Ice hell secrets revealed at last

ICEMI'''arthur rollinson, left, with a pal in thec early 1940s.
ICEMI'''arthur rollinson, left, with a pal in thec early 1940s.
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THE full story of the lonely death of a Sheffield soldier in the frozen wastes of wartime Iceland is set to be revealed in a new TV documentary.

Arthur Rollinson, from Ecclesfield, was just 23 when he died of hypothermia after getting lost while on a routine mountain warfare exercise in January 1942.

He was known to be one of eight men from the King’s Own Yorkshire Light Infantry who perished when they were caught in a blizzard.

By a tragic irony, safety was little more than half a mile away.

Now a complete account of the tragedy - and the heroism which led to 48 other men in their unit being miraculously rescued - is to be told in a two-part TV series which is being filmed by an Icelandic film crew.

They have just completed a visit to Sheffield to meet Arthur’s relatives, who two years ago paid an emotional pilgrimage to the remote cemetery where Arthur is buried.

Nephews Gerald and Ian Smart were amazed to discover that they only knew a small part of what happened on that fateful day nearly 70 years ago.

“We were astonished by what the film’s director Sturla Palsson told us - from being a tragic story it’s now also a heroic one,” Gerald said.

Sturla found that an everyday exercise became perilous when a fierce storm blew in and one of the officers in charge slipped and broke his leg - later dying of exposure.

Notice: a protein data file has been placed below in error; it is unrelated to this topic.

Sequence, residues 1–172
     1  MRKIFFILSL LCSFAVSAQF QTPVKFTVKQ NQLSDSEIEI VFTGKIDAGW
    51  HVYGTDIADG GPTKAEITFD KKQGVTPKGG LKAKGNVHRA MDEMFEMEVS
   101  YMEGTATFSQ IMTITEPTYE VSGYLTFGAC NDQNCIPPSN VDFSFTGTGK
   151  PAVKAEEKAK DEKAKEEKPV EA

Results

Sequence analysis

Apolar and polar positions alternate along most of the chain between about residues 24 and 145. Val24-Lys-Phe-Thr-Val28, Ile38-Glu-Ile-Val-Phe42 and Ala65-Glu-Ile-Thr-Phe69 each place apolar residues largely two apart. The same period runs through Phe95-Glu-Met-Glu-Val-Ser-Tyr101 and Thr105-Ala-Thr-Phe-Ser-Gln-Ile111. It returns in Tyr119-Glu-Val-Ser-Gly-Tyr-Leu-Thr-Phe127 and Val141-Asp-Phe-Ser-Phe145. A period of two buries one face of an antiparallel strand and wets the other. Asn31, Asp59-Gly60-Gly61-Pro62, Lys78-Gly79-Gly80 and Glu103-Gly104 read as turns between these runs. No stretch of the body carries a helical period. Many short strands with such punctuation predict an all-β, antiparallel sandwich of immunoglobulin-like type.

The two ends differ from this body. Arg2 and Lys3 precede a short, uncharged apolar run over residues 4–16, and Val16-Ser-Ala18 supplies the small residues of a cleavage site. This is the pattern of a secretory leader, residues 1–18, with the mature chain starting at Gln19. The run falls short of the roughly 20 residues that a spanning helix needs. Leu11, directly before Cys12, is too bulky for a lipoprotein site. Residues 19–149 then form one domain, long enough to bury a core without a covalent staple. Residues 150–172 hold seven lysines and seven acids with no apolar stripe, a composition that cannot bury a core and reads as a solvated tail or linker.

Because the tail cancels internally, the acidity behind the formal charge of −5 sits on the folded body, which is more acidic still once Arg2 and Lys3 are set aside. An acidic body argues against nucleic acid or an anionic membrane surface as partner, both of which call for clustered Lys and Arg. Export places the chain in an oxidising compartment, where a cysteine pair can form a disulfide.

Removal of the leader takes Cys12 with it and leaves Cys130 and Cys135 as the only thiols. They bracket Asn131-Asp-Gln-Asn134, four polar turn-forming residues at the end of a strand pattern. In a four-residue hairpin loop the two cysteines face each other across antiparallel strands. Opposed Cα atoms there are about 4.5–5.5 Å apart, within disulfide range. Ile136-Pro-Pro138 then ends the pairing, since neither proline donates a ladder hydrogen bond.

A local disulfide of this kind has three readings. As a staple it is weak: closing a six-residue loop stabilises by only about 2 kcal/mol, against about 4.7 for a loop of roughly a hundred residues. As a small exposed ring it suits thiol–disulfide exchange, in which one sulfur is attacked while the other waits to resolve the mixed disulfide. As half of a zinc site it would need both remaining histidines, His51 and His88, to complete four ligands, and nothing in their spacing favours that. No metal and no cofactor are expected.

“They were a group of 60 men but after the accident they dispersed and wandered in the dark without direction,” he said.

“Eight young men lost their lives, including Arthur, while four more managed to get to safety on their own.

“The rescue of the remaining 48 was nothing less than a miracle.

“It was by mere coincidence that people from a remote farm stumbled upon an exhausted soldier a short distance from their home. The farmers then spent the night looking for more survivors on the mountain side.

“The farmer’s wife looked after those who were brought to safety,” Sturla said.

“Two brothers bore the burden of carrying many of the unconscious men to safety.

“One was only 14, and he is still with us.”

Now Sturla and his team are searching for other survivors from that night, or for their relatives, most of whom are believed to have come from the Sheffield and South Yorkshire area.

“Arthur’s family are our only connection to a victim of this ordeal.

“We are still looking for survivors, their relatives or any other relatives of the dead,” he said.

Gerald, aged 67, said he believed the surviving brother deserved some kind of recognition for his heroism.

“What they did that night was incredible, to save so many of those men.

“When we went over there we knew absolutely nothing about it.”

Gerald said he and Ian now hoped to go to the film’s premiere in Iceland next year.